The mantra of aghorA according to the tradition of the kAlI-kula
The devI aghorA, as we have seen before, emerged first as the shakti of aghora in the root tantra-s of the bhairava srotas. She was described under several related names such as aghoreshvarI and appears to be the foundation from which the primary devI-s of the trika and pashchimAmnAya emerged. Under the name aghorA itself she was worshiped in the tradition emerging from the glorious yoginI-jAla-shaMvara tantra. The worship of the great bhairava yoginI-jAla-shaMvara and his parivAra is taught as an auxiliary a~Nga of the system of the brahma-yAmala, which gives his highly secret mantra as a means of achieving khecharI siddhi and this yoga is declared to be “amitAtmaka”, i.e. of unlimited nature. This tradition was expanded in the yoginI-jAla-shaMvara tantra and from that text transmitted to the yoginI-samchAra tantra. The tradition of this latter tantra was then incorporated into the composite jayadratha-yAmala. The yoginI-saMchAra lays out worship the devI aghorA in the company of the great bhairava. The YS states that the tAntrika after undergoing dIkSha and abhiSheka performs vrata-s such as the bhairava-vrata, the kapAla-vrata or the chAmuNDA-vrata. In the rite of dIkSha which is performed in the shmashAna the AchArya wearing an osseous garland and smeared with the bhasma from the funeral pyres draws the maNDala of the great bhIma-vikrama bhairava (yoginI-jAla-shaMvara) conjoined with the devI aghorA. Then the student after a bath is lead to the maNDala where the AchArya touches him on the head with a skull and performs the nyAsa on his body with the khaTvA~Nga. Then in the typical tAntrika fashion the student is lead to the image of shiva with face covered and is asked to cast flowers on it, standing to its right, after a pradakShiNa. Based on which face the flower falls he is given his dIkSha kula. After receiving the mantra he finally worships aghorA accompanied by the 63 yoginI-s of this system.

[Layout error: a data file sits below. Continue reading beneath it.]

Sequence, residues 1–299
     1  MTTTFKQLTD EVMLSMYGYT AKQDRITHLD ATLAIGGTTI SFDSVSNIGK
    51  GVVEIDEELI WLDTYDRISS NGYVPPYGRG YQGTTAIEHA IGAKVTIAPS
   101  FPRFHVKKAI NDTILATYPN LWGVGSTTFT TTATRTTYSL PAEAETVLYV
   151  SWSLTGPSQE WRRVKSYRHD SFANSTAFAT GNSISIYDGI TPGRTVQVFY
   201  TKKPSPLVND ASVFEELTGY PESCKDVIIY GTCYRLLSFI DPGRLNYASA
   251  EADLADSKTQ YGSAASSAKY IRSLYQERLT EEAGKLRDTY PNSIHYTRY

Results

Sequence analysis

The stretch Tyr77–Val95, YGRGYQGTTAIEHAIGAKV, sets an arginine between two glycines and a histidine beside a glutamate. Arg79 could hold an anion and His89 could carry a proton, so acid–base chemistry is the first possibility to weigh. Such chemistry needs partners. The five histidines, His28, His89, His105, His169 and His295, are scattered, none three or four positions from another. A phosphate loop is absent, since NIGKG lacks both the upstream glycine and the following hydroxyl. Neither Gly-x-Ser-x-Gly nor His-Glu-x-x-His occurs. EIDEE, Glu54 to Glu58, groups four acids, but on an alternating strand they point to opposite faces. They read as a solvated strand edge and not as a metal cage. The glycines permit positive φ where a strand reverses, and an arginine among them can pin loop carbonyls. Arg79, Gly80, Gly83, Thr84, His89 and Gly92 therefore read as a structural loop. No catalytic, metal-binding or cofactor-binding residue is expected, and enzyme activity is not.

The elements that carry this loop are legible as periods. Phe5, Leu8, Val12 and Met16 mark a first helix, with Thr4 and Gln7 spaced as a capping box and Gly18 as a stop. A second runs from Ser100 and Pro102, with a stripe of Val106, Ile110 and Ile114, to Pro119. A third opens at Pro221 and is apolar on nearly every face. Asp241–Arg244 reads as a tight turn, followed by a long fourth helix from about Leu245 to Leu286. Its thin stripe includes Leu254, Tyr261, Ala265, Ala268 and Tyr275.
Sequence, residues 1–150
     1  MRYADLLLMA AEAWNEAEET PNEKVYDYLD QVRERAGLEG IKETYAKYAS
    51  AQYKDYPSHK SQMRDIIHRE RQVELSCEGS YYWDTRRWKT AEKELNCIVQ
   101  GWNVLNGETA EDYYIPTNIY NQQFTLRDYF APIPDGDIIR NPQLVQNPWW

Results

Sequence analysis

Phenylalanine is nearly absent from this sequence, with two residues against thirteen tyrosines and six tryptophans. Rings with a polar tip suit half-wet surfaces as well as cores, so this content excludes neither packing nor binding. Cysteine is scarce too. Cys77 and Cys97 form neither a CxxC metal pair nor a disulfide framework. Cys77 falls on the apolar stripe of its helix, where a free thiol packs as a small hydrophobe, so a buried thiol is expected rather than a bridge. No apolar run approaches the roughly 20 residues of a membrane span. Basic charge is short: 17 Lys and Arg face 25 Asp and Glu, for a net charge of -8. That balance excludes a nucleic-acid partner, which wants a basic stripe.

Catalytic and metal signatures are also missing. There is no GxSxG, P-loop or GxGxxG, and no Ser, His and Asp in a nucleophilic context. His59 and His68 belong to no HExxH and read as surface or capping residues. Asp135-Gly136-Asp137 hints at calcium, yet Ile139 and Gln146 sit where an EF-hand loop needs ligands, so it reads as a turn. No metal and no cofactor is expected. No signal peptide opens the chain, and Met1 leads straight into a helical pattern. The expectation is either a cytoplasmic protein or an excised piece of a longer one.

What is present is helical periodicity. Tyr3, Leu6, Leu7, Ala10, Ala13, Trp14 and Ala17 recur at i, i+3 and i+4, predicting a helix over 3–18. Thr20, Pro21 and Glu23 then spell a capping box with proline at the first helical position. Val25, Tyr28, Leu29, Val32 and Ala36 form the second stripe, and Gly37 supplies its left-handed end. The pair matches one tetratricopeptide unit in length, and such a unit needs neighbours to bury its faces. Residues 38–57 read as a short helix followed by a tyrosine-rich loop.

The devI aghorA in this aspect as a shmashAna deity with “kApAlika” attributes has been retained as is in the kAlI kula. Here mantra is taught in the kAmakalA kAlI khaNDa (8.277-283) of the pa~nchAshat sAhasryAM mahAkAla saMhitA. But here her iconography has some unusual features:
athaaghorA manuM vakShye yena siddhyanti sAdhakAH |
karaamlaka-vad vishvaM yasya saMsmaraNAd api ||
saMbodhanam aghorAyAH siddhiM me dehi choddharet |
tatash cha dApayet yuktvA svAhAnto munir iShyate ||
pa~nchaviMshaty akSharo .ayaM mantro vA~nchita siddhikR^it |
atha dhyAnaM vyAharAmi yena mantraH prasiddhyati ||
digambarAM muktakeshIM nR^i-muNDa-kR^ita-kuNDalAM ||
shavopari samArUDhAM daMShTA-vikaTa-darshanAM |
dvi-bhujAM mArjanI-shUrpa-hastAM pitR^ivana-sthitAM ||
The 25-syllabled mantra of aghorA specified here is:
hrIM shrIM kroM klIM strIM aiM krauM ChrIM phreM krIM hskhphreM huM aghore siddhiM me dehi dApaya svAhA ||
The devI is meditated upon as residing in the cremation ground with limbs glistening like a moist mountain of black collyrium, with three large red eyes, with a shapely body decorated with sparkling ornaments of white human bones, space-clad, with free-flowing tresses, with earrings made from human skulls, standing on a corpse, with dreadful saber teeth and with two arms holding a broom and a winnowing fan. While the general description of her matches the ancestral state as in the tradition of the YJS, the broom and the winnowing fan are unusual. This appears to be the prototype on which emergent deities like dhUmAvatI were partly based.